Drummond Matthews
Drummond Hoyle Matthews FRS (5 February 1931 – 20 July 1997) was a British
United Kingdom
The United Kingdom of Great Britain and Northern IrelandIn the United Kingdom and Dependencies, other languages have been officially recognised as legitimate autochthonous languages under the European Charter for Regional or Minority Languages...

 marine geologist and geophysicist and a key contributor to the theory of plate tectonics
Plate tectonics
Plate tectonics is a scientific theory that describes the large scale motions of Earth's lithosphere...

. His work, along with that of fellow Briton Fred Vine
Fred Vine
Frederick John Vine is a British marine geologist and geophysicist and was a key contributor to the theory of plate tectonics.-Early life:...

 and Canadian
Canada is a North American country consisting of ten provinces and three territories. Located in the northern part of the continent, it extends from the Atlantic Ocean in the east to the Pacific Ocean in the west, and northward into the Arctic Ocean...

 Lawrence Morley
Lawrence Morley
Lawrence Morley, Ph.D. is a Canadian geophysicist. He is best known for his studies on the magnetic properties of ocean crust and their effect on plate tectonics.-Biography:Morley worked with Britons Fred Vine and Drummond Matthews...

, showed how variations in the magnetic properties of rocks forming the ocean floor could be consistent with, and ultimately help confirm, Harry Hammond Hess
Harry Hammond Hess
Harry Hammond Hess was a geologist and United States Navy officer in World War II.Considered one of the "founding fathers" of the unifying theory of plate tectonics, Rear Admiral Harry Hammond Hess was born on May 24, 1906 in New York City...

's 1962 theory of seafloor spreading
Seafloor spreading
Seafloor spreading is a process that occurs at mid-ocean ridges, where new oceanic crust is formed through volcanic activity and then gradually moves away from the ridge. Seafloor spreading helps explain continental drift in the theory of plate tectonics....

. In 1989 he was awarded the Geological Society of London
Geological Society of London
The Geological Society of London is a learned society based in the United Kingdom with the aim of "investigating the mineral structure of the Earth"...

's highest honour, the Wollaston Medal
Wollaston Medal
The Wollaston Medal is a scientific award for geology, the highest award granted by the Geological Society of London.The medal is named after William Hyde Wollaston, and was first awarded in 1831...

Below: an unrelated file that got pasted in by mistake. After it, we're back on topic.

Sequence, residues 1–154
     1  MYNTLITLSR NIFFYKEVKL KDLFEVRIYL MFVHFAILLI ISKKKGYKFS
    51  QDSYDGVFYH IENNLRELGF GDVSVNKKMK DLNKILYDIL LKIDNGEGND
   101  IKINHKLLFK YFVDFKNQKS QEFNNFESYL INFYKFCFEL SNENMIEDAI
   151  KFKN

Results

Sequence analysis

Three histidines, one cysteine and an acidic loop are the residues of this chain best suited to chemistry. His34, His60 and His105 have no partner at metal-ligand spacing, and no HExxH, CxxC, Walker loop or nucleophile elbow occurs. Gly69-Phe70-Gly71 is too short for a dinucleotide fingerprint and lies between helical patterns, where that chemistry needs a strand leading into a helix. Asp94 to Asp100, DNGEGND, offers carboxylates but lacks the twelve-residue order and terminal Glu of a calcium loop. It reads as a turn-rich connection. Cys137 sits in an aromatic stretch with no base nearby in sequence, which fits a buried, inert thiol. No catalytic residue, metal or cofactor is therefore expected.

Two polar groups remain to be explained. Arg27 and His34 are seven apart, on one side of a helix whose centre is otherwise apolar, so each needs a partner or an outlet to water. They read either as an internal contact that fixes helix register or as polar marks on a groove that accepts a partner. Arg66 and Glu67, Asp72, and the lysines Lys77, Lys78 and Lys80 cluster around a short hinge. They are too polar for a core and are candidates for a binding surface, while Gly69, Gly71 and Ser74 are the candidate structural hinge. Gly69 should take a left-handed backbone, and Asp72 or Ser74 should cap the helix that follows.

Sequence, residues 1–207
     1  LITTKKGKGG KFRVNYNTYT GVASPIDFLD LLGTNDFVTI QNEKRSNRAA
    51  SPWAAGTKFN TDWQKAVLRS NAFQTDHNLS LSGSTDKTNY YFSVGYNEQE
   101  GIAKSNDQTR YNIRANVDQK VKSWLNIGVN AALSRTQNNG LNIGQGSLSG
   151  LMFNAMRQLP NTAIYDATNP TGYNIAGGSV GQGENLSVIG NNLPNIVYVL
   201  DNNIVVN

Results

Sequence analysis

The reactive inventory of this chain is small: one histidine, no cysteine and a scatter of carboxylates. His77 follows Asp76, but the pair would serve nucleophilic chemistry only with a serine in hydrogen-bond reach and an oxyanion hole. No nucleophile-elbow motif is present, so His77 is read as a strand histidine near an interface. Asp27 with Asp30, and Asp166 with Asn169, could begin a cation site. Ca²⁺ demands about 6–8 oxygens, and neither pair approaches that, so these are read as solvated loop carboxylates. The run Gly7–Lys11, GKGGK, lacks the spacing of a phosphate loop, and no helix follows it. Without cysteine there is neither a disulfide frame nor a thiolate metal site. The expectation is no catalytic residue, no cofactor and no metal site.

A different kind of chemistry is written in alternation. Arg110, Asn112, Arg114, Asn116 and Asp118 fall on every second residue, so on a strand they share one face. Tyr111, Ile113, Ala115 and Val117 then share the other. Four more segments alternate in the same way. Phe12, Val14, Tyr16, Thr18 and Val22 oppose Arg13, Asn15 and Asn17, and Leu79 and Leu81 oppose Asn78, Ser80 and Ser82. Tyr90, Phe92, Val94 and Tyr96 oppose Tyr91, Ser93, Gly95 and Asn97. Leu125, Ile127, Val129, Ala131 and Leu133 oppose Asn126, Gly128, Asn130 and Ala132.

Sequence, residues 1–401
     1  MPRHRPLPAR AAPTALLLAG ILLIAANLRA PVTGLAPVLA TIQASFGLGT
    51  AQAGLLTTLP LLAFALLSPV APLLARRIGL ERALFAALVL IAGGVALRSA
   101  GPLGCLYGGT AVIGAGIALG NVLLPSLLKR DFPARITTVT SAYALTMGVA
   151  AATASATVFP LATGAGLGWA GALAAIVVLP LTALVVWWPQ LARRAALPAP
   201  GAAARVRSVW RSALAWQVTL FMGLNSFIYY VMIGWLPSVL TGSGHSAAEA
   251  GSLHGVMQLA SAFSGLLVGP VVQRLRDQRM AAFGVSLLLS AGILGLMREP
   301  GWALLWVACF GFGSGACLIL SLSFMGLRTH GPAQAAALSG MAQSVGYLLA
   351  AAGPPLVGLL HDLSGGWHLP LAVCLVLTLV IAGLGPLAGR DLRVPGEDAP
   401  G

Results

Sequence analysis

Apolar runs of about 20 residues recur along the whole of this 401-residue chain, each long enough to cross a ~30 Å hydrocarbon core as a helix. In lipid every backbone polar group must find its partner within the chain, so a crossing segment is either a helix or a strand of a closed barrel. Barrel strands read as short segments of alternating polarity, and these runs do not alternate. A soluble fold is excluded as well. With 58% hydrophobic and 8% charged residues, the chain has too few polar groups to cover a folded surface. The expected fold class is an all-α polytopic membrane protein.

During World War II he went to school at The Downs
The Downs School (Herefordshire)
The Downs, Malvern College Prep. is an independent coeducational school in the United Kingdom, founded in 1900. It is located in Colwall in the County of Herefordshire, on the western slopes of the Malvern Hills.-Overview:...

 in Malvern, and then Bryanston School in Dorset. He became head boy at both.

Alfred Wegener
Alfred Wegener
Alfred Lothar Wegener was a German scientist, geophysicist, and meteorologist.He is most notable for his theory of continental drift , proposed in 1912, which hypothesized that the continents were slowly drifting around the Earth...

's theory of continental drift
Continental drift
Continental drift is the movement of the Earth's continents relative to each other. The hypothesis that continents 'drift' was first put forward by Abraham Ortelius in 1596 and was fully developed by Alfred Wegener in 1912...

 had never gained much scientific support due to its lack of any satisfactory mechanism to drive the process. During the 1950s, however, extensive surveys of the ocean floor revealed a global, linked system of mid-ocean ridges, all of which exhibited high thermal flow and considerable seismic activity. Hess hypothesized that new ocean crust was being formed at the ocean ridges by extrusions of magma from the Earth's mantle, and that convection currents within the mantle were continuously carrying the newly formed crust away from the ridge, widening the ocean basin and pushing the continents apart.